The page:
The slide-out keyboard also draws attention to another of Windows Phone 7’s peccadilloes; it’s not particularly cut out for prolonged use in landscape mode. As mentioned above, sliding out the keyboard takes a certain knack, so once we were settled using the phone in landscape we wanted to stay that way. Unfortunately, this involves using certain apps, from the main menu to Bing Maps, with sideways icons and text. Messaging and Office switch to landscape automatically, but we would prefer a fully landscape-optimised OS. Admittedly, the iPhone also has inconsistent landscape support, but turning it on its side and back again is easier than flipping a keyboard in and out.
While we generally like Windows Phone 7’s slick and fast interface, there are some niggles. The lack of cut and paste has been well documented, and makes it difficult to forward certain parts of an email or move data between applications. Another is the lack of multitasking. The operating system will save the state of apps when you log out, so Explorer will load the same page you had open when you switch to something else. However, you lose your immediate browsing history - the back button no longer works after the switch in and out of the app, and if the website in question lacks proper navigation tools you’ll end up lost. Both Android handsets and the iPhone keep better track of where you’ve been.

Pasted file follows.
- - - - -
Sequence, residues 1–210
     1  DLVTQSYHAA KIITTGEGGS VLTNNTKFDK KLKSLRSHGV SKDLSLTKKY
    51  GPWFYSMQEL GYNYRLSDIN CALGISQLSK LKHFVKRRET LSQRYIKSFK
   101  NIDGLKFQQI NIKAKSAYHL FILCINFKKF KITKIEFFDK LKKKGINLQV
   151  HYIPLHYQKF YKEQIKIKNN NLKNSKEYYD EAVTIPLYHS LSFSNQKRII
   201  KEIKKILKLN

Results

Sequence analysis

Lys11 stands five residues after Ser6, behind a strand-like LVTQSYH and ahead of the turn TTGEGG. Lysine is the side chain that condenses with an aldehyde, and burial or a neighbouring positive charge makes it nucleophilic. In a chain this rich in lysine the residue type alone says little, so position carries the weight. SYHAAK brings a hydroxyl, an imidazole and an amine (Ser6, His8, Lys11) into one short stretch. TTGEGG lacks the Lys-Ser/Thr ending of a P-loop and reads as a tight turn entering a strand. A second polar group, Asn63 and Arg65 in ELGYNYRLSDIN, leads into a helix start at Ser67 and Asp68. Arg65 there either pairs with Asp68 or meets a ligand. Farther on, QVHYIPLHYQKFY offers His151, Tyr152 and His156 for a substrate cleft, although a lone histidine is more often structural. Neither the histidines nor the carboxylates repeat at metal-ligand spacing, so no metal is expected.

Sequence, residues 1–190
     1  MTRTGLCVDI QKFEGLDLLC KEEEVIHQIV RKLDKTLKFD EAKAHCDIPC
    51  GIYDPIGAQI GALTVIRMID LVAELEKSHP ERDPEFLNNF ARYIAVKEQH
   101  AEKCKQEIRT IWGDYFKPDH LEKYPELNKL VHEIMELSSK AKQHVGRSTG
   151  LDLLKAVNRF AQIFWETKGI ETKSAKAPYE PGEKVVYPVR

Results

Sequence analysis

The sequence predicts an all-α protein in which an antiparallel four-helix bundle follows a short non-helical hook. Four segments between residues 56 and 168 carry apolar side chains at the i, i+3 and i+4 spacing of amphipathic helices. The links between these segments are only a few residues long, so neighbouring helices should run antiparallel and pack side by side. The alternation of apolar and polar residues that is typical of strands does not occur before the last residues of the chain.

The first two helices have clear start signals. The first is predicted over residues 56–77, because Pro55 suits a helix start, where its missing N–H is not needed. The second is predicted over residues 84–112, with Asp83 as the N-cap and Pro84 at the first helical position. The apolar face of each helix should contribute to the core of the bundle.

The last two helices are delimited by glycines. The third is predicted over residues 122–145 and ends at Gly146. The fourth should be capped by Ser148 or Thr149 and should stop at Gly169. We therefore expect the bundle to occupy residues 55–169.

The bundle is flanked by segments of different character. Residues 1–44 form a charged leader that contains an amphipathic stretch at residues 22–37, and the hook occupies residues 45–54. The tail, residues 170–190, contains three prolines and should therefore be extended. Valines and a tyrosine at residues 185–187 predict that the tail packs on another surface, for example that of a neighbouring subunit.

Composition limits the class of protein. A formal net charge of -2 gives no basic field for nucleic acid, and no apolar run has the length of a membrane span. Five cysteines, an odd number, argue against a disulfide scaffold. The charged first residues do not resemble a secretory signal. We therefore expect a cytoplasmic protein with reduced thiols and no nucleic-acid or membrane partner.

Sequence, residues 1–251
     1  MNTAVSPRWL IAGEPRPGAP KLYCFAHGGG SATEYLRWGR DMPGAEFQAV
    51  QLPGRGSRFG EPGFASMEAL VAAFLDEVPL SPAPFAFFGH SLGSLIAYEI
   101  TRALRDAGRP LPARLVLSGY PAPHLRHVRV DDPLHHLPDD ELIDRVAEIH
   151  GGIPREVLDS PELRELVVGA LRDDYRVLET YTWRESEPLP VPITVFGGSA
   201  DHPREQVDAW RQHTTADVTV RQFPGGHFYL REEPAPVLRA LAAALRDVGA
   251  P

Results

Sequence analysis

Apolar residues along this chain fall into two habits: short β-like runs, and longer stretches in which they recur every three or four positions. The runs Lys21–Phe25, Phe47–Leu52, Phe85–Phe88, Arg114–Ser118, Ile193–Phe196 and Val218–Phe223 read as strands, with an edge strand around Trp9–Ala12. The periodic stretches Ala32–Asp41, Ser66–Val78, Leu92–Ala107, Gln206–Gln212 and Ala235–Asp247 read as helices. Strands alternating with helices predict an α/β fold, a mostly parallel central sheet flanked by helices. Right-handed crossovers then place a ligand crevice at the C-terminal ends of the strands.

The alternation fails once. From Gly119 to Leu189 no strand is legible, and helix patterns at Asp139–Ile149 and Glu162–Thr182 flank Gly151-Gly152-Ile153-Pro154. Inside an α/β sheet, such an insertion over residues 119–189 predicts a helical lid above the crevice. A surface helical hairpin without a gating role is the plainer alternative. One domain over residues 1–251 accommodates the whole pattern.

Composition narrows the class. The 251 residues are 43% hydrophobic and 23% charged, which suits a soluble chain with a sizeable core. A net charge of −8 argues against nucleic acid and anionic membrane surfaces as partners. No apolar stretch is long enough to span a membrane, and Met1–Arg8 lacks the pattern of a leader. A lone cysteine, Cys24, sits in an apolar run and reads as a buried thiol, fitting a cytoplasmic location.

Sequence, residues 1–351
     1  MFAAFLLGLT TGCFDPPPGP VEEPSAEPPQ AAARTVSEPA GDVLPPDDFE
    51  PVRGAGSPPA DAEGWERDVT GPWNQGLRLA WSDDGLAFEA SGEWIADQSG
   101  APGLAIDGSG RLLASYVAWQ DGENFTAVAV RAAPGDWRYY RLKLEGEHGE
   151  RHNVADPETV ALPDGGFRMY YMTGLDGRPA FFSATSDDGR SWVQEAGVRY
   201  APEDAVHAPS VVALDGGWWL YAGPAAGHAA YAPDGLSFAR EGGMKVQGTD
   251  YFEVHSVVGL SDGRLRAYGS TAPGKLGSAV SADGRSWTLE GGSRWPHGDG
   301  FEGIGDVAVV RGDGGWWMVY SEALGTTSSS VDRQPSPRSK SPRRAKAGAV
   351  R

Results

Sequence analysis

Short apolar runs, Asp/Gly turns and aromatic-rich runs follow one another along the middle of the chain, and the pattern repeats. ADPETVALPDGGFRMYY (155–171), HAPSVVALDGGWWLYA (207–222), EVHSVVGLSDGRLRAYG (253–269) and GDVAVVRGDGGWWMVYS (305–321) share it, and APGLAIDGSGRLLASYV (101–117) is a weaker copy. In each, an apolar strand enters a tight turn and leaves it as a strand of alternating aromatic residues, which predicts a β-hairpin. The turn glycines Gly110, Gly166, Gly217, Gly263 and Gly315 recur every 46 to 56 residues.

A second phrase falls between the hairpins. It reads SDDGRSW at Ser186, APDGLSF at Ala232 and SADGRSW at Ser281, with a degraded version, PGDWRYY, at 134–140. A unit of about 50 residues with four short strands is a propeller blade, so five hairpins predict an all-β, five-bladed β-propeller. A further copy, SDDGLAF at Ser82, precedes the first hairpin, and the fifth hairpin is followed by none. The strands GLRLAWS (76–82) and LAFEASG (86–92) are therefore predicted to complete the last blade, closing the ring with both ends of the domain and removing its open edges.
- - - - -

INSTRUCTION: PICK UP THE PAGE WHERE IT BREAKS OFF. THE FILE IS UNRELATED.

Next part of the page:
Too much web browsing on the 7 Pro led to some pretty shocking battery life. The phone could only manage 26 and a half hours when playing an MP3 file on repeat in flight mode, and using WiFi, maps, surfing the web and making calls killed a full charge in less than a working day. You should definitely carry a USB portable battery if you plan on using the 7 Pro in anger
Like all smartphones, the 7 Pro is a competent navigation device. While the iPhone and Android handsets rely on Google Maps, Windows Phone 7 is all about Bing Maps. Both sides have their advantages. Google Maps wins for Street View and the more pleasing use of colour – roads are colour-coded for when they're A or B reads rather then being all grey, for example. The Android version also has the benefit of an arrow showing which way you’re facing and turn-by-turn in-car navigation.
Bing Maps has a fantastic hybrid map view elegantly combining both a road map and satellite imagery. When you’re zoomed out you have a simple road view - the satellite view only fades in when you’re at a high enough zoom level for it to show any real detail, while architecture fades in as you move around. This also improves panning performance when you're zoomed out. It all works much better than Google Maps' rigid hybrid view that can only be turned on or off completely. Unfortunately, Bing maps lacks both a street-level view and turn-by-turn navigation.
HTC’s 7 Pro is a tricky phone to judge. If you’re already sold on the benefits of Windows Phone 7 - a fast, slick interface and impressive Office document support - the 7 Pro's QWERTY keyboard could make it the handset you’ve been waiting for.
If multitasking and powerful mapping is more important to you, the similar keyboard-equipped Android HTC Desire Z is more up your street. Either way, the 7 Pro is another example of the Microsoft mobile operating system’s promise - we’ll just need an update or two before we’re entirely convinced.